Just like any craft, though, the more leads I have created, the more I master the art.  And, with that being said, I’m back to finishing the edits on the second book.  I want to be able to send that edited work back to my editor at The Wild Rose Press before I leave for the Collie Nationals, so that’s one less thing I have to worry about there.  I have 17 dogs to show over four days and I know that will pretty much take up every waking hour while I’m in LaCrosse.

It All Comes With the Territory

Editing?  Oh, hell no…it’s not editing I’m doing.  I’m basically rewriting the last seventy-five pages of the second book.  It’s the only way to make the whole thing work.  When I said I got a break-through, it was just that.  Unfortunately, that break-through involved a major rewrite.
Oh, well.  It is something that needed to be done and I’m finding I like the characters again.  It’s almost like writing a whole other book.  As a friend pointed out, I like to write.  (I’d better, it’s my chosen craft.)  I did point out to this friend that while I like to write, I really hate editing.  Editing, though, comes with the territory of being a writer.
Other things that come with being a writer, I’ve found, are my friends at dog shows asking when the next book is coming out.  Ummm…when I get the edits back to my editor and then I get to wait to find out if I’m going to be offered a second contract.  And, then, it’ll be about a year.  I’m also asked where I get the ideas for my books.  That’s always a fun one to try to explain as I can get ideas from just about anywhere…like the time a few weeks ago on Facebook when someone posted one of those funny pictures about walking through the woods being relaxing while “the fact that I’m dragging a body through the woods should be irrelevant,” and one of my friends said, “What a great beginning to a story.”  Well, thanks…with that comment, the Muse took off on me and started plotting yet ANOTHER novel.
It is an enjoyable experience though to tell people that if someone makes me really angry, that person could end up in my next book.  Writer’s revenge…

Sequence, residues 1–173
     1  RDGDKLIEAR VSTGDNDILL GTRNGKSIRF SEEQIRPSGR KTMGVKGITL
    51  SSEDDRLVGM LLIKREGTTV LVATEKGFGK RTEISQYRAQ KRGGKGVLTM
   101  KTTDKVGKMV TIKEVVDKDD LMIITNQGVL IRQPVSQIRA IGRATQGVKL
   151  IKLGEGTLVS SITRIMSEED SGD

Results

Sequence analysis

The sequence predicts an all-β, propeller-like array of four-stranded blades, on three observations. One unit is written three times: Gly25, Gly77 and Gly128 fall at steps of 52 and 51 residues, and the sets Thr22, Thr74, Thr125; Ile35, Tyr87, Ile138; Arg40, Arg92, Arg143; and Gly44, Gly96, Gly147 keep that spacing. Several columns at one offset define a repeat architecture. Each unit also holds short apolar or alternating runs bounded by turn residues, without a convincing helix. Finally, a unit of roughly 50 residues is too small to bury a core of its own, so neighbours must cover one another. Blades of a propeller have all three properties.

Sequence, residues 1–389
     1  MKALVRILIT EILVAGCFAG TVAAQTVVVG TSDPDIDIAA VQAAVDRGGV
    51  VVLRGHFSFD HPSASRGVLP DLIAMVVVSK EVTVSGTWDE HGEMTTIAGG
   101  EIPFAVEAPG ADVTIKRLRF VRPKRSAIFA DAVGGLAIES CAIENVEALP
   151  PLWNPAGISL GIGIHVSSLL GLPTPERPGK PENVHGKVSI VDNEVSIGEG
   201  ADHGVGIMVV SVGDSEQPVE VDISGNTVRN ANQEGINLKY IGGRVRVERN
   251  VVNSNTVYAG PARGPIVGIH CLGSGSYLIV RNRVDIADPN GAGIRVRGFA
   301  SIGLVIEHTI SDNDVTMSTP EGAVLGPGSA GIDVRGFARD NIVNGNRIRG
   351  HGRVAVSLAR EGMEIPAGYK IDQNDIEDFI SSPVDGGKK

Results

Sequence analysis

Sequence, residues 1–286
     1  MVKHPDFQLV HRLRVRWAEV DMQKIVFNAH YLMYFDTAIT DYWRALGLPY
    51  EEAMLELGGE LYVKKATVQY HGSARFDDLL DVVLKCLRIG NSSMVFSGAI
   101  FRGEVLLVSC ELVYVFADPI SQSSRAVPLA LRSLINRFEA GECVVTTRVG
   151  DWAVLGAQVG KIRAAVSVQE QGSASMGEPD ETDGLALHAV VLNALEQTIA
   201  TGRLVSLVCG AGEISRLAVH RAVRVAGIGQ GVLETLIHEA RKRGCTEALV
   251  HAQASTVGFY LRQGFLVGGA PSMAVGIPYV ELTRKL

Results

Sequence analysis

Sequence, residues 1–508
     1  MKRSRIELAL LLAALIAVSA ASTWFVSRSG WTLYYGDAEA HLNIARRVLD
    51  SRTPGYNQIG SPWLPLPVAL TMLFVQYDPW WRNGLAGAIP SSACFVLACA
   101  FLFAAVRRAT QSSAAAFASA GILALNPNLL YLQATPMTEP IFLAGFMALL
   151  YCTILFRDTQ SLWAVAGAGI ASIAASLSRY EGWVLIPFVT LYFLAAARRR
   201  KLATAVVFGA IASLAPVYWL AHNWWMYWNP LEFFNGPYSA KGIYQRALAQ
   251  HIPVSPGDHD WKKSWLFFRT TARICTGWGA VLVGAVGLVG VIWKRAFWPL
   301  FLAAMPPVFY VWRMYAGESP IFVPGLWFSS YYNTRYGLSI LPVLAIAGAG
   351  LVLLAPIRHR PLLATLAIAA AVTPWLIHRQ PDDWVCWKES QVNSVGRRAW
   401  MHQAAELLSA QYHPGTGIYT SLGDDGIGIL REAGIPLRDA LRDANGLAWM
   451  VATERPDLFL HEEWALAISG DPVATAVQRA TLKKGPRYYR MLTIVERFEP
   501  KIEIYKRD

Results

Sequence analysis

Another thing that comes with the territory are the questions of how rich the current book is going to make me.  When I’m done laughing and have picked myself up off the floor, I tell people that I won’t be buying that ranch in Wyoming any time soon, much to my disappointment.
Finding the right music to listen to while writing is something else that comes with the territory of being a writer (or at least it is for me).  When I was working on novel I started in November, I found I was listening to a lot of period music (from the American Civil War) and also listening to the whole album of the musical The Civil War.  Yes, there were a few that I skipped every time I listened to the album and two that I would put on repeat and listen to over and over and over.  I find that the right music helps me to write because it gives the ability to step out of my own skin and into that of my main characters. 
As I tell my students, writing is a lot more than just sitting down at the keyboard.  I seriously doubt anyone sits at the keyboard as we were taught to in school, both feet on the floor, straight in the chair.  That’s another “Oh, hell no!”  For me, I have to have my can of diet coke on the desktop, some kind of snack (lately it’s been carrot sticks and celery stalks—and yes, I think I’m turning into a rabbit), and the right music blasting through the headphones, while I slouch in my office chair.  When I’m really into a story and the words are flying onto the screen, that music becomes little more than white background noise.  I cannot write in silence.  Just can’t do it, and I’ve tried.  Less than two minutes into that exercise in futility, I’ve got the headphones on and something playing.
And, then there is the time that I am most productive.  Fortunately, insomnia lends itself to the time of day (in my case: time of night) that I’m most productive.  Long after everyone in the house has settled into bed for the night, I’m at the keyboard, creating my own little world.  But, it’s okay.  They know me there.
And, that comes with the territory, too.